Prostate Cancer Starts from Previously Unknown Cell

Kathleen Blanchard's picture
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Scientists, for the first time, have discovered one cell that leads to the development of prostate cancer that was previously unidentified. Researchers at UCLA's Jonsson Comprehensive Cancer Center found a cell-of-origin that leads to human prostate cancer that could lead to new therapy for treating the disease.

Findings of how prostate cancer begins would lead to better testing for the disease that catches prostate cancer early and to better treatment. Until now prostate cancer was believed to develop from luminal cells. The UCLA team has discovered the disease instead starts in basal cells.

Dr. Owen Witte, a Jonsson Cancer Center member and director of the UCLA Broad Stem Cell Research Center says, "Certainly the dominant thought is that human prostate cancer arose from the luminal cells because the cancers had more features resembling luminal cells. But we were able to start with a basal cell and induce human prostate cancer and now, as we go forward, this gives us a place to look in understanding the sequence of genetic events that initiates prostate cancer and defining the cell signaling pathways that may be at work fueling the malignancy, helping us to potentially uncover new targets for therapy."

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Witte explains the researchers were able to find the cell-of-origin for prostate cancer by taking a different approach. The scientists took healthy cells and turned them into prostate cancer, rather than studying cancer cell lines.

Andrew Goldstein, a UCLA graduate student and first author of the study says, "There are very few examples of taking benign cells and turning them into cancer experimentally. We usually study cancer cell lines created from malignant tumors. This study resulted in the creation of a novel model system that is highly adaptable, such that we can test any cellular pathway and its interactions with other genes known to induce cancer, and we can start with any type of cell as long as it can be reproducibly purified."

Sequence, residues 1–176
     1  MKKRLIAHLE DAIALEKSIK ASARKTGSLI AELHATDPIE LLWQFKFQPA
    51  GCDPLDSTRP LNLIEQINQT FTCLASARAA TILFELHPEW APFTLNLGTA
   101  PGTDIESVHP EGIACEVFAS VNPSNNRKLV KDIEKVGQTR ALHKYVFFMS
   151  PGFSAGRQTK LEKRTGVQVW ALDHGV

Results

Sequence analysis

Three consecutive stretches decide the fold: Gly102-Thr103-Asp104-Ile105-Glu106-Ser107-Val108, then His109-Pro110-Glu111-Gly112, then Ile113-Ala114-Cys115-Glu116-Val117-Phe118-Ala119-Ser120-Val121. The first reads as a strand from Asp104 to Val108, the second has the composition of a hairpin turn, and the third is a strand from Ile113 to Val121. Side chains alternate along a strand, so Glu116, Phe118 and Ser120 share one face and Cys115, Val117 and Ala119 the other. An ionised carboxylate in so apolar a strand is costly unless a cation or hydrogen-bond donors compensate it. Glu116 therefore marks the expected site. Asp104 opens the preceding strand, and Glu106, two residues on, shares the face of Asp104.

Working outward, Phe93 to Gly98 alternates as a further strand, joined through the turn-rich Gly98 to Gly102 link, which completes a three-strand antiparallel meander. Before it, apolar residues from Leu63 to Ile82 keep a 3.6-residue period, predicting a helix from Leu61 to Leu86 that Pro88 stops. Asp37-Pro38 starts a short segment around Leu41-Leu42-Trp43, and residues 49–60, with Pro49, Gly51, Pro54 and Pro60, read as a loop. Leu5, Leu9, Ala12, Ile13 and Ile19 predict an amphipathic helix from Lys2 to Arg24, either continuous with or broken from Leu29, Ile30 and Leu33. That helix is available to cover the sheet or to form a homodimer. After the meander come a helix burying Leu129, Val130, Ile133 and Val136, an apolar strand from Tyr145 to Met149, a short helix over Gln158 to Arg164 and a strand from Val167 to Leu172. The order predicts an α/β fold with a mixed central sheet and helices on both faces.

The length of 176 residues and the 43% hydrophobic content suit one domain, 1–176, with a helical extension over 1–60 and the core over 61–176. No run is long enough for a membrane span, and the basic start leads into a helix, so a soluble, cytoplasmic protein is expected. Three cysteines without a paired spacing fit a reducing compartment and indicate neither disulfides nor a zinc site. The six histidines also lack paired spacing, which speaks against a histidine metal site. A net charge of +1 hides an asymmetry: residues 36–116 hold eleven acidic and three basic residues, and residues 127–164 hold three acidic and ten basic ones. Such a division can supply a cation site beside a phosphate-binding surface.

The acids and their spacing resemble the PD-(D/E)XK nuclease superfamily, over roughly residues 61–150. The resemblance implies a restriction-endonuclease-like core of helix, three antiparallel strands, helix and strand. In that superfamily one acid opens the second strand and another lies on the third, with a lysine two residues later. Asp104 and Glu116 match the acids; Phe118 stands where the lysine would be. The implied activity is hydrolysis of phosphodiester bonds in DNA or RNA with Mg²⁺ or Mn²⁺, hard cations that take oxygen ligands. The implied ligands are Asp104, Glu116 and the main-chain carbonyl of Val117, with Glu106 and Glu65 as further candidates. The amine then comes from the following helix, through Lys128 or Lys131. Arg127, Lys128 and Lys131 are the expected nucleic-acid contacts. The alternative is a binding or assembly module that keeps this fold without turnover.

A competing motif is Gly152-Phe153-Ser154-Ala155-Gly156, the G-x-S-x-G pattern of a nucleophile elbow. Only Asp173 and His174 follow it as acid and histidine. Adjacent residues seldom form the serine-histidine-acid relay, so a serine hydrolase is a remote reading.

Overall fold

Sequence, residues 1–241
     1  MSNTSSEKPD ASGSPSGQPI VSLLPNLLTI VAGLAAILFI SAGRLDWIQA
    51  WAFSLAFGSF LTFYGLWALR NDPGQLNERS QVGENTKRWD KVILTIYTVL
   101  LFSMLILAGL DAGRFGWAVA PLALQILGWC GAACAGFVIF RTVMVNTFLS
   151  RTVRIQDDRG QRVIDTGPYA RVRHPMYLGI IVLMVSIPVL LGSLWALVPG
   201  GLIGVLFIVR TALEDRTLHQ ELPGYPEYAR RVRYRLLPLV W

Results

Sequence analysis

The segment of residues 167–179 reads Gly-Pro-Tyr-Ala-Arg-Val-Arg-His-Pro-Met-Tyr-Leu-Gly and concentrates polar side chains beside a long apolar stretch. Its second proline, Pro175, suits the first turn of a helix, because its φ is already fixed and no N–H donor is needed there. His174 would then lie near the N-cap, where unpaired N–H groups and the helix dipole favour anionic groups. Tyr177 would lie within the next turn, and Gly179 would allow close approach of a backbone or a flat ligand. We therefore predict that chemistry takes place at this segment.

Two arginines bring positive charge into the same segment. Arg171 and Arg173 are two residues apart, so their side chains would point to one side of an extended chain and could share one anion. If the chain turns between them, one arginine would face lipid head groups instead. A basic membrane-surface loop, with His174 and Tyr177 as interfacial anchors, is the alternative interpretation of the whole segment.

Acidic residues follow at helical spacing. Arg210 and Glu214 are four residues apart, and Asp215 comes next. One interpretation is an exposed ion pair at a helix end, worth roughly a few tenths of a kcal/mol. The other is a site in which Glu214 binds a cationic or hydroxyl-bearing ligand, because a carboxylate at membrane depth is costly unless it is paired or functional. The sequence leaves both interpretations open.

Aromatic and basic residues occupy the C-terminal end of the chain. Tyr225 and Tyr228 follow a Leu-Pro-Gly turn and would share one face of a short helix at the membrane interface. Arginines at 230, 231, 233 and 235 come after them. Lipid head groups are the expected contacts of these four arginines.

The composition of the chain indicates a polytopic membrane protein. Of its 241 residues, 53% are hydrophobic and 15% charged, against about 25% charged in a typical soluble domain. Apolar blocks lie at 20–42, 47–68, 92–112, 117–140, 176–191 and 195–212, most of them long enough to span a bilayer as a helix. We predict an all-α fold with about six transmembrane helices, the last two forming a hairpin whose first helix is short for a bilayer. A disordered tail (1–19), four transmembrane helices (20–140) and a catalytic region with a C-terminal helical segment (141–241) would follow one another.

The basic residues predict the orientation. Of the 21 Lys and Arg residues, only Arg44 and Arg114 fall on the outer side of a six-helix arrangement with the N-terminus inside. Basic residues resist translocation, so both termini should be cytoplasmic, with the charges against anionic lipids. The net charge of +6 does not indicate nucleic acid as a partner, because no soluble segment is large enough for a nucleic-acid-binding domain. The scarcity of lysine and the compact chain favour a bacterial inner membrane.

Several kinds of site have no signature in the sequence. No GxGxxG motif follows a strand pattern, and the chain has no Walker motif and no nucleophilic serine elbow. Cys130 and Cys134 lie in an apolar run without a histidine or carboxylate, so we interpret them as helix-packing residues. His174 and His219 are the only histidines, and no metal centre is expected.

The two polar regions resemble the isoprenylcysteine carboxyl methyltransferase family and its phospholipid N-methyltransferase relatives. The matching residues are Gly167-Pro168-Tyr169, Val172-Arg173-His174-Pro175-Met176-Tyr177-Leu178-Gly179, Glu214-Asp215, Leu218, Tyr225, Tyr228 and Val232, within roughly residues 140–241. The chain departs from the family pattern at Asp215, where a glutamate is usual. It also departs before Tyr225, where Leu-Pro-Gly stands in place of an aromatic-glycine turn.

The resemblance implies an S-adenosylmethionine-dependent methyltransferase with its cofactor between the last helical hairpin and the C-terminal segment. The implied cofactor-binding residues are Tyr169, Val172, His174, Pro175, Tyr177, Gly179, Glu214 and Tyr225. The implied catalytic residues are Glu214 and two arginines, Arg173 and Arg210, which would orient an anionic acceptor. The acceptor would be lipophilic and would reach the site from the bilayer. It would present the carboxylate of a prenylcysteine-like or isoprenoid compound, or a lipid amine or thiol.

Dr. Witte points out that targeting androgen receptors for prostate cancer treatment is not always effective. There is also a lack of knowledge about the beginnings of prostate cancer. When PSA levels elevate prostate cancer is already developing. The discovery that the basal cell is the cell-of-origin or beginning of prostate cancer, researchers can catch the disease early. Therapy aimed at pre-malignant basal cells would thwart prostate cancer before it becomes aggressive.

Science 30 July 2010:
Vol. 329. no. 5991, pp. 568 - 571
DOI: 10.1126/science.1189992

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